If you’re considering a kitchen remodel, you're probably aware that there are several different types of wood species you can have cabinets made from.
What many people don’t realize is that the appearance of your kitchen area cabinets is contingent on the quality of your cabinets and the wood they’re made from.
Kitchen cabinets can be made from a variety of woods.
In an article by DC Drawers:
“the best wood for cabinetry is widely considered either red oak, poplar, maple, mahogany, or plywood. Which solid wood type is best for a specific project depends on budget, if the cabinetry will be painted, and personal preference.”
Here are two key takeaways here:
The specific traits you’re interested in will determine the “best” type of cabinetry for your needs.
Naturally, the next question most people would ask is, “what are the differentiating traits of the many kinds of wood used for kitchen cabinets?”
Glad you asked.
Different Wood Types Commonly Used For Cabinetry
Below is a quick overview of the various types of woods commonly used for cabinets, as well as a list of the wood traits. Hopefully, this will give you a better idea of the kinds of wood for cabinetry that are available.
There’s no denying the fact that cherry wood is warm and rich in color. Cherry has a larger grain than some woods and the variation in the wood coloration really is what draws people to this wood for cabinetry. Typically, the lighter the stain the greater the variation. One thing to note about cherry wood is that natural pitting is common, this is one of the features that adds “character” to this kind of wood.
Knotty alder is commonly used for stained or painted cabinetry. The straight and even-textured wood grain helps this wood type.
Another notable trait of knotty alder is that it commonly has knots or holes, that can be up to 3/4-inch in diameter through the panel. For some people this adds character and a rustic feel to cabinet doors.
For those interested in cherry, but don't like the price, knotty alder cabinetry may be a great option to consider.
Very similar to maple, birch has a consistent and tight grain pattern. Birch is also a wood that takes a stain well and is a cost-effective option for those interested in staying within a budget.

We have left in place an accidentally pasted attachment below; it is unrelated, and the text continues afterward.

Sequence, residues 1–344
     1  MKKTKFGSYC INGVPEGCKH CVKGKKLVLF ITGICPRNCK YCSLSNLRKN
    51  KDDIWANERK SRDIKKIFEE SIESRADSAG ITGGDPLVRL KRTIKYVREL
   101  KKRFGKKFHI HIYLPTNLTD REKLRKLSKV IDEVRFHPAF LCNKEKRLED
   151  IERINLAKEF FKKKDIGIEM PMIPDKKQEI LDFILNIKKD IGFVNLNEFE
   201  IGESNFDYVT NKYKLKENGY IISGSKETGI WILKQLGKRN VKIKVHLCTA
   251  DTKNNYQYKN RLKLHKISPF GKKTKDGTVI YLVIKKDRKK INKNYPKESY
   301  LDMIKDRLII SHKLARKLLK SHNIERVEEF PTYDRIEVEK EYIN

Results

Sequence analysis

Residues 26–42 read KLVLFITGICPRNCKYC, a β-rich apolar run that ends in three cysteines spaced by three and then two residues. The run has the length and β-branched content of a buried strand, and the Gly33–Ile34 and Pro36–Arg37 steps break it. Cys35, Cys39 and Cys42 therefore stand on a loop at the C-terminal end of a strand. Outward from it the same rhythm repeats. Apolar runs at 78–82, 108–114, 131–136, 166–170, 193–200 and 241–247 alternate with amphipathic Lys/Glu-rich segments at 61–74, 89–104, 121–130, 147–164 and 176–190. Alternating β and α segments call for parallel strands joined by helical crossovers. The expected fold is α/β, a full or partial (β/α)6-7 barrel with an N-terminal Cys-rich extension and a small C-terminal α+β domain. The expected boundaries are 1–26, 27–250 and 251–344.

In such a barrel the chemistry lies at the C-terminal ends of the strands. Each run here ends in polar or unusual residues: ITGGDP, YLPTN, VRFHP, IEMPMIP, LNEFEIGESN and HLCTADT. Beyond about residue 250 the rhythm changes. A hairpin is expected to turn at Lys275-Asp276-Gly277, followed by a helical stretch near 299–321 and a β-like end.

It's important to note that birch does not take a high-polished finish. If this is something you're interested in, this wood species may not be ideal.
Hickory has an extremely high variation in color, making this a great option for people looking for a unique wood with a LOT of character. When choosing hickory, one should expect a large “striped” grain pattern with small knots and pits.
Maple is another commonly used wood for cabinetry and for good reason. Maple has a consistent grain, polishes, and stains nicely, and has a relatively consistent color when compared to other types of wood.
One unique quality of maple, however, is that it has “mineral streaks,” which are grey blemishes. For most people interested in maple cabinets, the mineral streaks only add to the interest and “personality” of the wood.
It’s important to note that care should be taken with both maple and birch when staining. Rushing the preparation process can result in “splotches.”
If you’re looking for variety in color and graining, consider walnut. Walnut patinas, or darkens up over time, very nicely. This trait makes walnut a top choice if you’re looking for a more matured cabinet look.
While pine is a softer wood and can dent easily, it’s a popular choice for people interested in cabinetry with a lighter look.
In Colorado, utilizing beetle-kill pine has become a popular option. To read more about what beetle kill pine is and how it's harvested, read the full article from Sustainable Lumber. Here's a summary of the article:
“the beetle carries a fungus that slowly turns the wood different colors. Commonly known as “blue stain” the colors that appear can range from blue, purple, brown, orange, yellow, red, and pink. If harvested within 5 years of the tree dying, fungal staining is purely cosmetic and has no effect on the structural integrity of the wood.”
Bamboo has a very consistent and tight grain. It should be noted that most standard cabinet companies do not carry bamboo and this would be considered a “special order” type of material.
Mahogany is known for its tight and consistent graining. While true mahogany isn’t really used in cabinetry today, many cabinet companies actually use a similar wood called Lyptus and call it, “mahogany.”
As you can see, there are a variety of wood types and, depending on your specific needs and application, a certain wood type may be better than another.
If you’re in the market for some new cabinets, we’d love to start a conversation. At TLC cabinetry, we have the team and experience to help match your specific needs to the right kind of cabinetry.
Give us a call today to schedule a free consultation, (720) 436-5317.